Early mobilization of patients with non-operative liver and spleen injuries is safe and cost effective

  • Amanda Teichman
  • Dane Scantling
  • Brendan McCracken
  • James Eakins
Original Article
  • 17 Downloads

Abstract

Purpose

There is no standard protocol for the management of non-operative liver or spleen injuries (LSI). In 2011, our institution changed the non-operative management (NOM) protocol of LSI from prolonged bed rest (PBR) to early mobilization (EM). We aim to show that EM safely decreases length of stay (LOS), ICU LOS, and cost.

Methods

We conducted a retrospective review in which non-operative LSI patients observed PBR from January 2008 through July 2011 and were mobilized early from August 2011 through December 2014. Endpoints assessed were length of bed rest, hospital LOS, ICU LOS, failure of NOM, cost, angiography/embolization, and mortality.

Results

There were a total of 184 patients with LSI who met study criteria and were not excluded. 77 patients utilized PBR between 2008 and 2011 and 107 followed EM protocol between 2011 and 2014. There was no significant difference in the male to female ratio, age, ISS, anticoagulant use, or MOI. Both groups had similar injury profiles. PBR included 34 liver injuries, 45 splenic injuries and two patients with both. EM included 63 liver injuries, 55 splenic injuries and 11 patients with both (for liver injury p = 0.053, for splenic injury p = 0.37, and for combined p = 0.08). LOS and cost were significantly decreased in the EM cohort. LOS was shortened by 1.07 days (p = 0.005) and cost of hospitalization was reduced by $7077 (p = 0.046). There was no difference in NOM failure, angiography/embolization, or mortality.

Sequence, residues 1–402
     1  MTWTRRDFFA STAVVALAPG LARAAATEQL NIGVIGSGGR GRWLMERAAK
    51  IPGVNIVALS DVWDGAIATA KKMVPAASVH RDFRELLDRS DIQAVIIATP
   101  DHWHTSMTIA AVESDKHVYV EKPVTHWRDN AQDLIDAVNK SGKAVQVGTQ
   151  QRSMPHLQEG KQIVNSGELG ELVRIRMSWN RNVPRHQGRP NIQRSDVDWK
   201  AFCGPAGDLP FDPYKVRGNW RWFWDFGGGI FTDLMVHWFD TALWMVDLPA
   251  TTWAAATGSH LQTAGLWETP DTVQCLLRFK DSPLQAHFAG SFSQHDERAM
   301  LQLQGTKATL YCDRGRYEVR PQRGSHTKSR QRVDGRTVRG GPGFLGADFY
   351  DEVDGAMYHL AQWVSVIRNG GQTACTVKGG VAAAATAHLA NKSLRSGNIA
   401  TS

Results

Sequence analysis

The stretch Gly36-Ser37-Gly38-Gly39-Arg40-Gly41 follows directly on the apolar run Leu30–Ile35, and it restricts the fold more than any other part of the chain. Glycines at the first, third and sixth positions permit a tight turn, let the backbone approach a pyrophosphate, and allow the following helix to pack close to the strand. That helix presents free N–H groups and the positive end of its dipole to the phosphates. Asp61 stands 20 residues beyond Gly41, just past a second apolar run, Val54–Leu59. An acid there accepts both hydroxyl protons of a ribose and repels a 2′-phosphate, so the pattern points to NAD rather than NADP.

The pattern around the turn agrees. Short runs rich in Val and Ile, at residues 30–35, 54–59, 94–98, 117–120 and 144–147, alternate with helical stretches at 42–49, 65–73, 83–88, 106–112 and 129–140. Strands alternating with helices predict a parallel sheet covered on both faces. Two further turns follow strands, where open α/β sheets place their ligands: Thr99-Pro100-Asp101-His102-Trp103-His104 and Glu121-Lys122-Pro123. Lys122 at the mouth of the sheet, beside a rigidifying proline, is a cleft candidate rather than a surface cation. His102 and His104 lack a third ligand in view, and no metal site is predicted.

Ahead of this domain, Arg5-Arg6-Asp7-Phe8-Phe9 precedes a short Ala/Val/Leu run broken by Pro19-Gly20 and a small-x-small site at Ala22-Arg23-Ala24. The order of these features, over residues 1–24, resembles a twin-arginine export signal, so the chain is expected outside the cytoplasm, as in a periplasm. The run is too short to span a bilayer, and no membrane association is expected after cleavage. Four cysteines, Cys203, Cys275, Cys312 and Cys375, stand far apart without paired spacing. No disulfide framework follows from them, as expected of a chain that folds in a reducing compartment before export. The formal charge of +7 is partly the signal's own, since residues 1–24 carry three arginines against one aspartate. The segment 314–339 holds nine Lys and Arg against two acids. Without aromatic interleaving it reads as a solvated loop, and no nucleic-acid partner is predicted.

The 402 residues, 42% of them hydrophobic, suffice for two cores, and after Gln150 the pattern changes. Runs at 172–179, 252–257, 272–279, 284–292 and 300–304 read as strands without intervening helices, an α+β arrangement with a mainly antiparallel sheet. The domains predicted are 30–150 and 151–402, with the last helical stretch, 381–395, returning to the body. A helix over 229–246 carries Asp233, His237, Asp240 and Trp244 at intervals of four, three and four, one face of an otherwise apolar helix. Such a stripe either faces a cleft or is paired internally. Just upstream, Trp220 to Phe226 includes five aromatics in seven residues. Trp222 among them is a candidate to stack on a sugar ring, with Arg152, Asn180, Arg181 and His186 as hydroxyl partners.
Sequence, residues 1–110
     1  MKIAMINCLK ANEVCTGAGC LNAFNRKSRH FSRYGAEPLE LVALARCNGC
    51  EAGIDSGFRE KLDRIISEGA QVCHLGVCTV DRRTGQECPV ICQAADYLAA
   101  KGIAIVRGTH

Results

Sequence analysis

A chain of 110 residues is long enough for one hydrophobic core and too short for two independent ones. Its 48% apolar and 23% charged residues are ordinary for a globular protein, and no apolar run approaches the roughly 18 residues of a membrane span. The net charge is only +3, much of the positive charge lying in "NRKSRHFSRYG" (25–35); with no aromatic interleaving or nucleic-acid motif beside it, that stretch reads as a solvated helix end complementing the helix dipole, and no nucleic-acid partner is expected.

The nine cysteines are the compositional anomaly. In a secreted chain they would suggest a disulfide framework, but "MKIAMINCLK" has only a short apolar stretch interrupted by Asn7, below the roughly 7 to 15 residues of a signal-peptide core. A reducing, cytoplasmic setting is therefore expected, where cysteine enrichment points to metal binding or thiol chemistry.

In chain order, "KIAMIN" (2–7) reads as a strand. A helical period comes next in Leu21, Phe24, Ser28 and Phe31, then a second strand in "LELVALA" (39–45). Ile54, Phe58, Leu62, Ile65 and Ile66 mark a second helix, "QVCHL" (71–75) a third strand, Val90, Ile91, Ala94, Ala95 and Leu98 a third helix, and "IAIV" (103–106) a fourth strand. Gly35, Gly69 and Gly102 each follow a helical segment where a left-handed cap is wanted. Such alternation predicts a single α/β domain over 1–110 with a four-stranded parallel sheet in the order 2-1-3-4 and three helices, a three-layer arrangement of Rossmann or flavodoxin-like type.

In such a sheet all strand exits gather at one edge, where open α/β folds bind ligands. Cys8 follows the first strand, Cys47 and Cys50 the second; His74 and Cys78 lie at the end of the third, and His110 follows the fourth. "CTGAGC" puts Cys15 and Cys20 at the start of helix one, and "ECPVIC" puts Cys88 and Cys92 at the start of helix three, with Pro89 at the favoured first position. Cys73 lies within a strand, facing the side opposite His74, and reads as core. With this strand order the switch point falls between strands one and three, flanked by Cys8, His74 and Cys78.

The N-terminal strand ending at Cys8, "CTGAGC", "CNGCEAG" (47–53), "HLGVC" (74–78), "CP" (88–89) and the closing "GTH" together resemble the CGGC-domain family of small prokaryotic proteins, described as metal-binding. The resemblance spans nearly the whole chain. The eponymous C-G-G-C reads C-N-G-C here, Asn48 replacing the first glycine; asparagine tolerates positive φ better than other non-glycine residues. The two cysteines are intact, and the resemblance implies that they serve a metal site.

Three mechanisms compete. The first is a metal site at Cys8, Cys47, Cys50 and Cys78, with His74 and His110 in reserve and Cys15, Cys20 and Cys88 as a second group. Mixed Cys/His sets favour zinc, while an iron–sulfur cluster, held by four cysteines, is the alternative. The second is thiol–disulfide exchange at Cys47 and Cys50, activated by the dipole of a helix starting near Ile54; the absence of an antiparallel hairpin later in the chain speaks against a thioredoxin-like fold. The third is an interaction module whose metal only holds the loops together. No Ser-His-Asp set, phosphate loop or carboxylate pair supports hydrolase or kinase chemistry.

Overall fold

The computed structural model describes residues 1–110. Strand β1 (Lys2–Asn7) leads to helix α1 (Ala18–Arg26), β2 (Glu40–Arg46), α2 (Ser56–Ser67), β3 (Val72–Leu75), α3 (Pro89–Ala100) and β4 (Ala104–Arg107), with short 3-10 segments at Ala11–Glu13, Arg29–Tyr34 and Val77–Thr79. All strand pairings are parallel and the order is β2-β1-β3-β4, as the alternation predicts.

Conclusion

EM in non-operative LSI is safe and cost-effective. It results in decreased LOS and cost without increasing failure of NOM, angiography, embolization, or mortality.

Keywords

Complication Spleen Liver Outcome assessment Traumatology 

Notes

Author contributions

Dr. Teichman was involved in idea conception, data collection and analysis, manuscript creation and submission. Dr. Scantling was involved in data analysis, manuscript creation and submission. Dr. McCracken and Dr. Eakins were involved in project conception and manuscript drafting.

Compliance with ethical standards

Conflict of interest

Amanda Teichman, Dane Scantling, Brendan McCracken and James Eakins declare that they have no conflict of interest.

Ethical standards

Amanda Teichman, Dane Scantling, Brendan McCracken, and James Eakins report no proprietary or commercial interest in any product mentioned or concept discussed in this article.

Research involving human participants/animals

Research involved human subjects and was of a retrospective nature.

Informed consent

Informed consent was unnecessary for this study as it was a retrospective review and all material was de-identified.

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Copyright information

© Springer-Verlag GmbH Germany 2017

Authors and Affiliations

  • Amanda Teichman
    • 1
  • Dane Scantling
    • 1
  • Brendan McCracken
    • 1
  • James Eakins
    • 2
  1. 1.Hahnemann University HospitalDrexel University College of MedicinePhiladelphiaUSA
  2. 2.Atlanticare Regional Medical CenterAtlanticUSA

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